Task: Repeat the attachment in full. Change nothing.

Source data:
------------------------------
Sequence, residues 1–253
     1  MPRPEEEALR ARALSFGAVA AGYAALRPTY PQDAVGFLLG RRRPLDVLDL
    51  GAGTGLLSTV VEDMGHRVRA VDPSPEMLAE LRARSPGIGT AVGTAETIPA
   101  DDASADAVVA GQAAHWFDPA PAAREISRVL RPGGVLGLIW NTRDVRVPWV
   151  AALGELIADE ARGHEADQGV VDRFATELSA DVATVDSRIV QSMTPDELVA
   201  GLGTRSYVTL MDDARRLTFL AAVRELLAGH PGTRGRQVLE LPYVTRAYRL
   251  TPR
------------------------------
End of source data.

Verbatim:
Sequence, residues 1–253
     1  MPRPEEEALR ARALSFGAVA AGYAALRPTY PQDAVGFLLG RRRPLDVLDL
    51  GAGTGLLSTV VEDMGHRVRA VDPSPEMLAE LRARSPGIGT AVGTAETIPA
   101  DDASADAVVA GQAAHWFDPA PAAREISRVL RPGGVLGLIW NTRDVRVPWV
   151  AALGELIADE ARGHEADQGV VDRFATELSA DVATVDSRIV QSMTPDELVA
   201  GLGTRSYVTL MDDARRLTFL AAVRELLAGH PGTRGRQVLE LPYVTRAYRL
   251  TPR